Sunday, July 21, 2024

BlackRock, Google solar tie-up to power Taiwanese data centres

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BlackRock has secured an investment from tech giant Google into one of its renewable energy portfolio companies, as operators of data centres continue to seek clean energy to power their assets.

Google will provide an undisclosed amount of capital to help BlackRock-backed New Green Power build out its planned 1GW solar portfolio.

Under the arrangement, announced earlier this month, NGP will also provide Google with up to 300MW of clean energy to power its data centres, cloud region and offices in Taiwan.

BlackRock renewable power group head of Asia-Pacific Charlie Reid said the partnership could be a sign of things to come as demand for green power plays an increasing role in digital infrastructure.

The NGP partnership marks the first time that BlackRock has brought a technology company into the capital structure of one of its developers.

“This is an interesting innovation where you have such demand for green power from technology companies – companies that need significant power for their data centres – which are actually starting to provide investment to developers as well,” Reid said.

The BlackRock-Google relationship dates back to 2016, when Google agreed to buy power from the BlackRock-financed 160MW Tellenes wind farm in Norway.

“We’ve spent time building the relationship since then, but we really looked to bring it to a head through a concrete transaction – and this is that transaction.”

Reid said BlackRock aims to work with Google more broadly in the future.

A Google representative said both the Taiwan and Tellenes deals brought new clean energy to their respective grids.

“The Taiwan deal takes it a step further with the investment in NGP expected to catalyse additional critical equity and debt financing from other investors for its pipeline of projects, and gives Google the opportunity to direct some of the clean energy offtake to our suppliers in the region to help them advance their sustainability goals.”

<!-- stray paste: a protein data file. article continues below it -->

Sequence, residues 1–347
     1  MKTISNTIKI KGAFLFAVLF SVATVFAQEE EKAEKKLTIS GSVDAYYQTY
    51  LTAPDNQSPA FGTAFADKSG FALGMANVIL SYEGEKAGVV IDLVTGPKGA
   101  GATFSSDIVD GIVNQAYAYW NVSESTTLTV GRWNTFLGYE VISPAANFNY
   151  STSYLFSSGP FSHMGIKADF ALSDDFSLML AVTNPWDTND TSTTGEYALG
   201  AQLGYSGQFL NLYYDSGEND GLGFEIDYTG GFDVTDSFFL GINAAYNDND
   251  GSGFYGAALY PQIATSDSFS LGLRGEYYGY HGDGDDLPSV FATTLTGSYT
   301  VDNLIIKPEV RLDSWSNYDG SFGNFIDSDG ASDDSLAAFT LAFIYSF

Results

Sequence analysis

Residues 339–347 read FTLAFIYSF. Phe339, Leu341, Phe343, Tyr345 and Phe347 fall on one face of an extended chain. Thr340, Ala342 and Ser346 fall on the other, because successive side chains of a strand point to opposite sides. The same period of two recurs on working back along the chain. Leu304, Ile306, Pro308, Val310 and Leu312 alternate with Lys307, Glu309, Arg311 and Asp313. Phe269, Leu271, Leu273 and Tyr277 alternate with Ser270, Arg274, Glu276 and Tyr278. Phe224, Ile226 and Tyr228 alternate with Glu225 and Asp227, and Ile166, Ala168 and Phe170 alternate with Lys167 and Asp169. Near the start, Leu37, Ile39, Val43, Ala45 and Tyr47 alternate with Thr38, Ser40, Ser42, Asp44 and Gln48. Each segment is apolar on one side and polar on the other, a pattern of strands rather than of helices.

The representative said the 300MW arrangement will “significantly uplift our carbon-free energy percentage in Taiwan”.

By comparison, Google’s last solar deal in Taiwan in 2019 – also the first ever solar PPA in the country – was for just 10MW.

Google aims to run on carbon-free energy in every grid where it operates, while also reducing 50 percent of its 2019-level combined scope 1, 2, and 3 emissions by 2030.

However, in its latest environmental report the company noted that its total emissions last year represented a 48 percent increase compared to the 2019 base level.

“To match our electricity use with [carbon pollution-free electricity] on an hourly basis, we will also need to explore clean energy technologies beyond solar,” the representative said.

Solar focus

BlackRock made its first investment in Taiwan in 2018 when it acquired 28 solar projects with a total capacity of 70MW from J&V Energy.

In 2019, it acquired a further 14 solar projects totalling 115MW capacity from New Green Power and J&V Energy.

Infrastructure Investor understands that BlackRock then acquired a 70 percent stake in New Green Power through its Global Renewable Power Fund III for about NT$6.8 billion ($209.8 million; €193.9 million) in 2020.

Through NGP, BlackRock has built up a pipeline of solar assets, along with some battery storage and investments in electric vehicle charging infrastructure.

Reid said while other global players have focused on opportunities in Taiwan’s offshore wind industry, BlackRock’s primary focus there is solar energy.

“If you look at the scale of the solar market in Taiwan, it really dwarfs the offshore wind market,” he said, pointing to Taiwan’s target of 20GW by 2025 and up to 80GW by 2050.

Meanwhile, Taiwan’s offshore wind targets are 5.7GW by 2025 and up to 55GW by 2050.

NGP currently has about 300MW in operation and a further 100MW under construction.

With a target of 1GW construction-ready by the end of 2025, Reid said the firm has some “very large projects in the pipeline”.

BlackRock views the wider Asia-Pacific region as a major destination for renewable energy investments given its growth trajectory.

The International Energy Agency predicts global data centre electricity consumption could exceed 1000TWh in 2026 – about the same electricity consumption as Japan – and Reid expects about half of that demand to be within APAC.

“This is going to be a multi-gigawatt opportunity across Asia-Pacific,” he said.

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